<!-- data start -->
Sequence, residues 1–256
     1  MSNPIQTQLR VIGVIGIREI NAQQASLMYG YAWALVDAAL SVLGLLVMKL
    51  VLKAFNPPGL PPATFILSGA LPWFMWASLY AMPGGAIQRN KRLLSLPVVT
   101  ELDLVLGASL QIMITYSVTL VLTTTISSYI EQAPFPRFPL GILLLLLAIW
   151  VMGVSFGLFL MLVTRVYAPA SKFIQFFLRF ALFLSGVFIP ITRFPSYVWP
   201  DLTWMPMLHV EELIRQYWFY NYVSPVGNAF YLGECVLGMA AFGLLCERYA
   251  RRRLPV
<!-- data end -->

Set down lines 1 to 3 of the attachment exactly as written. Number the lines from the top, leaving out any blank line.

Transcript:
Sequence, residues 1–256
     1  MSNPIQTQLR VIGVIGIREI NAQQASLMYG YAWALVDAAL SVLGLLVMKL
    51  VLKAFNPPGL PPATFILSGA LPWFMWASLY AMPGGAIQRN KRLLSLPVVT